Lesson 20: Proofreading
In this lesson we’ll discuss how to proofread your thesis so that there are minimal errors.
- To discuss how to proofread a finished thesis paper
- To discuss how editing/trimming and proofreading relate to one another
- To emphasize the importance of submitting a cohesive paper
Quick Navigation through the Lesson 20:
- Look at the text with a fresh eye
- Don’t rely on programmed spell-check or grammar-check
- When in doubt, check
- Get feedback from other people
In this lesson, we’ll be discussing how to proofread. We’ll also be looking at how this relates to the two processes which we previously discussed—editing and trimming your final thesis paper.
Proofreading pertains to the process of re-reading your paper to be able to sort out different errors regarding spelling, grammar and punctuation. This is always the final step—you get to the proofreading process after you’re sure about the structure of your paper along with the organization of your ideas. This way, you can pay attention to the more technical aspects of language like grammar, spelling, punctuation and sentence construction.
Below are a few tips to help you out when you proofread.
1. Look at the text with a fresh eye
Because proofreading, unlike editing/trimming, is concerned with smaller, more specific details it’s good to read the text with a fresh eye—don’t go straight from editing into proofreading. Chances are you’ll be tired and will tend to skip over some of the spelling and grammar errors. This is why papers which are rushed into completion often contain a lot of errors. Make sure that you allot enough time for the perfection of your paper.
2. Don’t rely on programmed spell-check or grammar-check
While things like spell-check and grammar-check on word processing programs like MS Word and Open Office Writer make proofreading our work “easier”, these methods are also often unreliable. They’re unable to pick up context and jargon—two things which are crucial to your thesis. Also, spell and grammar check operate on identifying one specific error and correcting all errors like it—if there is a similar “error” in a different paragraph or sentence, it isn’t able to pick it up separately and will apply the same automated correction regardless of context. Never trust your program to proofread and auto-correct your mistakes: this could result in catastrophic changes throughout your entire thesis.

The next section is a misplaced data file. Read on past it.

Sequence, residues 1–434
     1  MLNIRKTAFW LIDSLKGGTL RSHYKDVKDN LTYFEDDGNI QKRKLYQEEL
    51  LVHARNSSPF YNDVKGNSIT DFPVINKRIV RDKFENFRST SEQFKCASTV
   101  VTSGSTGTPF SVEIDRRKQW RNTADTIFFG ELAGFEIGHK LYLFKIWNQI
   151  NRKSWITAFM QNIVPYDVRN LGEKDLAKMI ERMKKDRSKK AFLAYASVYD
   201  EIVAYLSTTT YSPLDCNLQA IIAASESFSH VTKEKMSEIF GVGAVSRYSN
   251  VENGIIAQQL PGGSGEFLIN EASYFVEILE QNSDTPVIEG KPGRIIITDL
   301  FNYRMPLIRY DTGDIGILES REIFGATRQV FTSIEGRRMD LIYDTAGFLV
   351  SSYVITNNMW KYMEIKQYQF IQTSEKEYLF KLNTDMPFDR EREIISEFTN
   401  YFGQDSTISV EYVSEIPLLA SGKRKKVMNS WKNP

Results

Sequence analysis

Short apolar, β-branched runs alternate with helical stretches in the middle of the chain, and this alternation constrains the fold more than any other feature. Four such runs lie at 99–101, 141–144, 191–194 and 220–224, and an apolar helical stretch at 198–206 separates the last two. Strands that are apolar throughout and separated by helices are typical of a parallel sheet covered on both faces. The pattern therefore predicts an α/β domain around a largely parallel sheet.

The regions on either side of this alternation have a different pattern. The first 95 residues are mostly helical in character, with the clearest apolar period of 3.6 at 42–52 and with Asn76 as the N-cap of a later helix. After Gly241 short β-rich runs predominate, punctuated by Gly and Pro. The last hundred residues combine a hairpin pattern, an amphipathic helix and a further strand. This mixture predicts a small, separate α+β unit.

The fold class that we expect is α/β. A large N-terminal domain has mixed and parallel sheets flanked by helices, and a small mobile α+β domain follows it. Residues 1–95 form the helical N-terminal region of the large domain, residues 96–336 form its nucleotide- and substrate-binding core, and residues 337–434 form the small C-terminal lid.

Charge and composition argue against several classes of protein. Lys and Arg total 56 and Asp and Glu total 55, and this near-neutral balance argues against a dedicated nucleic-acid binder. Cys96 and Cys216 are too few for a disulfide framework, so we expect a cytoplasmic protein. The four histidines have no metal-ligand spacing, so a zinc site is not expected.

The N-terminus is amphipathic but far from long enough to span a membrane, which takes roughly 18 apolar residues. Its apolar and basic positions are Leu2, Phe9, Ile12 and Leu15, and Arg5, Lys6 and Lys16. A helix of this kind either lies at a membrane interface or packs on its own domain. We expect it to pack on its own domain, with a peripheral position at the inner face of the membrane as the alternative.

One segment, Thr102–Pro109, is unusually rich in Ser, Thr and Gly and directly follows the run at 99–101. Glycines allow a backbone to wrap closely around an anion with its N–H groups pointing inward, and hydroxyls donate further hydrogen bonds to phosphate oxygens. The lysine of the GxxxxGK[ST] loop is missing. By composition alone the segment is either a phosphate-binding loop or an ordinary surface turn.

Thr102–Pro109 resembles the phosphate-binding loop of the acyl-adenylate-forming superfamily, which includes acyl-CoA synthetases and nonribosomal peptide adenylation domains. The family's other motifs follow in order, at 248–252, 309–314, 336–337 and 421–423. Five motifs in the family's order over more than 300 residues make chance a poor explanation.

Instead, read the whole thing yourself and highlight the parts which have errors. Save this as a separate file and then go about reading the paper again, this time correcting the errors. Once you’ve saved the edited file, compare and contrast the two versions to see if you’ve left anything out.
3. When in doubt, check
When writing your thesis, there may be a lot of words with tricky spelling. Again, you won’t be able to check all these things using spell-check for various reasons: perhaps the registered dictionary your program uses isn’t updated or the word is jargon not listed in ordinary dictionaries or the word involved is the name of a specific institution. Because of this, it’s important to always check your references. When in doubt about something, it’s best to see if something is correct or not. Don’t rely on your memory or leave these things up to chance. A difference in spelling can change what your sentence means (e.g. complement, compliment; desert, dessert). Spell-check won’t be able to detect discrepancies in homonyms either because it’s built only to highlight words that aren’t registered in its data base—not words which don’t make sense in a certain sentence.
4. Get feedback from other people
This is a very good step to take to be able to find out whether or not your paper is understandable. You’re able to see whether the internal logic you’ve applied to the paper’s organization translates to a third party. This is also an excellent way to proceed if English (or the medium of instruction) isn’t your first language—then you’re able to identify errors in figures of speech or special cases in grammar which you wouldn’t ordinarily have been able to identify (e.g. “It was made the color blue by the application of the chemical” might seem correct but it should be “It turned the color blue upon application of the chemical”).
In this section, we were able to discuss a couple of dos and don’ts when it comes to proofreading your final thesis. This is the final step that you’re going to take to be able to write the best thesis that you can write. We were also able to discuss the differences and interrelatedness of proofreading, editing and trimming.
We’ve reached the penultimate lesson in this class—next up, we’ll be looking at our conclusion and reviewing the different points which we tackled throughout the duration of this module on Thesis Writing. Keep reading and you’ll have completed this informative course!